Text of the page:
Since 2018, when the Beijing Summit of the Forum on China-Africa Cooperation was held, many African countries have made the historic decision to enter into partnership with the Belt and Road Initiative framework of international cooperation. The challenges of the pandemic uniquely offer African countries an objective condition to not only reconsider the opportunities of the partnership, but also vigorously access it. The initiative will not be a wand that would magically solve all problems, especially the herculean challenges of post-COVID-19 recovery, but will certainly add to the arsenals of domestic policy initiatives of many participating countries and bring them to the path of sustainable and inclusive growth.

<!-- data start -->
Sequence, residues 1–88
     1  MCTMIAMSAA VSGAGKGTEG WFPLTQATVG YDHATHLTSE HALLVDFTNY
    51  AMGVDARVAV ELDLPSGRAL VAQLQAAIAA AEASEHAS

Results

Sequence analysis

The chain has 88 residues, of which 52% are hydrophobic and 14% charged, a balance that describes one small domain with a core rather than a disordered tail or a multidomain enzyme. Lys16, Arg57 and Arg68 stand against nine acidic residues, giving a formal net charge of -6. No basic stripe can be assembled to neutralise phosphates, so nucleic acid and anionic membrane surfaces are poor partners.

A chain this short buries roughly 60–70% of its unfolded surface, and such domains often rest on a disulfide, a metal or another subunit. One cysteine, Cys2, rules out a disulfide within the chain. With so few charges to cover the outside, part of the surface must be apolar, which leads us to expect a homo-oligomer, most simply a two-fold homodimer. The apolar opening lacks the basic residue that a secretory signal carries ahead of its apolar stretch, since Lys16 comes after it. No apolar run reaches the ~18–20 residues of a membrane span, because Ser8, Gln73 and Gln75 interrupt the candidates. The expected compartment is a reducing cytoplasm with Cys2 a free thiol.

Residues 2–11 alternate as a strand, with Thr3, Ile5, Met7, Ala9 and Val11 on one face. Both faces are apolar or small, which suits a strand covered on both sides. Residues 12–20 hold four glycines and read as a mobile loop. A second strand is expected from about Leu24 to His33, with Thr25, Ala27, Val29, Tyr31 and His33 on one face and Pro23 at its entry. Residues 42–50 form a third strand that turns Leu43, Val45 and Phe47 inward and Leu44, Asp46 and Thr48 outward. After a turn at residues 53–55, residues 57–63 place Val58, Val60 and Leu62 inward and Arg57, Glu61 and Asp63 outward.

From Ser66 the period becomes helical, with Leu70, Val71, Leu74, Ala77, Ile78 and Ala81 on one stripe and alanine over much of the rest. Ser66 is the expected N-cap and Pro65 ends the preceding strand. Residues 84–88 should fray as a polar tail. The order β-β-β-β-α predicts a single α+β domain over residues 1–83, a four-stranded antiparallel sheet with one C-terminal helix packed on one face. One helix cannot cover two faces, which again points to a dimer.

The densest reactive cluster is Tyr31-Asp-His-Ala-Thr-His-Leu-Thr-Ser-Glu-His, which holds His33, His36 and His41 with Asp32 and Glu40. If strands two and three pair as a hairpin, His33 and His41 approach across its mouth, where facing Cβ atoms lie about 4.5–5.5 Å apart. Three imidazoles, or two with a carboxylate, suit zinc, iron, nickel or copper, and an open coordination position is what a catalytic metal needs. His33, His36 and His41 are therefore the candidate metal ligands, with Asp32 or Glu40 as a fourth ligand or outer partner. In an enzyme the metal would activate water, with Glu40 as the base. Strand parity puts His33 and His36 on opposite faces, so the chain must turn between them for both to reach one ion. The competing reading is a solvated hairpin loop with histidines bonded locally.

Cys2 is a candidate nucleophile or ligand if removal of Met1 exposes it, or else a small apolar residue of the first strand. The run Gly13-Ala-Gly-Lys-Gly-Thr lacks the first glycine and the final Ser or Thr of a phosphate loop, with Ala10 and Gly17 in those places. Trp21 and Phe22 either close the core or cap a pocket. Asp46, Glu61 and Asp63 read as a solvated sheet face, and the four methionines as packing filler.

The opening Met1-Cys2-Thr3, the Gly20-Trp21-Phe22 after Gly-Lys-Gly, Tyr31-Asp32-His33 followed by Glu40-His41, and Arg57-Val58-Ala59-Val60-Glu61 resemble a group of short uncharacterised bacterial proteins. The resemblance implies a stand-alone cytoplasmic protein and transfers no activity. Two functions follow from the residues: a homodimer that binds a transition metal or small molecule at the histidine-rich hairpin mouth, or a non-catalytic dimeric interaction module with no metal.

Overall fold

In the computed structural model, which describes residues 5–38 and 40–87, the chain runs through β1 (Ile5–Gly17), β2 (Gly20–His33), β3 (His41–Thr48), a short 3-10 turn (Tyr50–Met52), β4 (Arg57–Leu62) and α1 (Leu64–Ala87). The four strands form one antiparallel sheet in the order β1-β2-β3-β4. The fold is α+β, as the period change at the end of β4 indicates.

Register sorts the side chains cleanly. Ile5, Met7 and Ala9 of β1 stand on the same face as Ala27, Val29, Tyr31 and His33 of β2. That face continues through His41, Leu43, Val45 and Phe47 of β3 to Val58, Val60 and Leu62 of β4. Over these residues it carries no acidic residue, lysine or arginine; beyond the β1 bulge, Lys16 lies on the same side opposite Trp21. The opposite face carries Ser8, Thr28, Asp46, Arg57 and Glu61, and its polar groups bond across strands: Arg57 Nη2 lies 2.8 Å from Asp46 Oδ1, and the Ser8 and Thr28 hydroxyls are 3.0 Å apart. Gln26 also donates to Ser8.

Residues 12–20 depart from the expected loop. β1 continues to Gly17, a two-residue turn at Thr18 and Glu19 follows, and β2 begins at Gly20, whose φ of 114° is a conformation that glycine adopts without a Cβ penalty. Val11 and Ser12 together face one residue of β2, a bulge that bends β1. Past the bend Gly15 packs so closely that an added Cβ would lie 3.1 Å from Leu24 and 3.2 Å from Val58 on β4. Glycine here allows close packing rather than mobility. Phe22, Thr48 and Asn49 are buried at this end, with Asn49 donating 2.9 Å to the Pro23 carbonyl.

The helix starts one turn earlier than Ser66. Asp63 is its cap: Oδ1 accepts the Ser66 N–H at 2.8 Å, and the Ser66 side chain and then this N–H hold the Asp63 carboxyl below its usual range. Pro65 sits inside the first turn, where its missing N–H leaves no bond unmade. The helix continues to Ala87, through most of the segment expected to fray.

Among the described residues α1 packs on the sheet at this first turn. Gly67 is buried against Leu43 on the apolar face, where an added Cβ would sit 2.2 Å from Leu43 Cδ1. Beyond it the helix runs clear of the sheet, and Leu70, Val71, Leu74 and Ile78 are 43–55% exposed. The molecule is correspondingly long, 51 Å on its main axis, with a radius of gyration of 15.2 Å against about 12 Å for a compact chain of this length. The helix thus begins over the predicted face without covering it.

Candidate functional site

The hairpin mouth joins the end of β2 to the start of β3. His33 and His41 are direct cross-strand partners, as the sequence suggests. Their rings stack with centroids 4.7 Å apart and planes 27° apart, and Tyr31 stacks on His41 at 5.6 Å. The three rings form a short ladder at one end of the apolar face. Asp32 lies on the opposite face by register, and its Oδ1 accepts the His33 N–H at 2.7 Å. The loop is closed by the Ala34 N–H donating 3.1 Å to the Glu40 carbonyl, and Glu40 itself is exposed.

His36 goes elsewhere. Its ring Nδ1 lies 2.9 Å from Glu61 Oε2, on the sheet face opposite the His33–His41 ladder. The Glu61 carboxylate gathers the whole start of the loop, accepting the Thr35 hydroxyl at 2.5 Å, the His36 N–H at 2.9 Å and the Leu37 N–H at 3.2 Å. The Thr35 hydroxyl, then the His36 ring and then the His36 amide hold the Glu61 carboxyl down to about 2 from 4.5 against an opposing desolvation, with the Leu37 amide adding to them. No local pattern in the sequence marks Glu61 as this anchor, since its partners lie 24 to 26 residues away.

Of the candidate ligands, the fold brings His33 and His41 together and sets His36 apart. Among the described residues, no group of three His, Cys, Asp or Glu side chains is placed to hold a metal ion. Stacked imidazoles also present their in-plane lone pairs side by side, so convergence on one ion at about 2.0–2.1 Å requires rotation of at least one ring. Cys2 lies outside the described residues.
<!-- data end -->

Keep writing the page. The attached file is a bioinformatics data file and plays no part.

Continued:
The Belt and Road Initiative and its dialogue framework rooted in extensive consultation, joint contribution and shared benefits align with the emerging international structure of multilateralism, which was the goal of the historic struggles of the South, of which Africa has been the spiritual mainstream.

Beyond its symbolic significance as the bridge of comprehensive partnership between the North and the South, the initiative is practical and functional, offering diverse global public goods that could fit the specific national requirements of participating countries in a coordinated manner. This would strengthen the global system and advance humankind to a community with a shared future. Africa must find a niche in this process, especially in the current context of COVID-19 and its aftermath.

The author is director of the Center for China Studies, Abuja, Nigeria

(Printed Edition Title: Toward A Shared Future)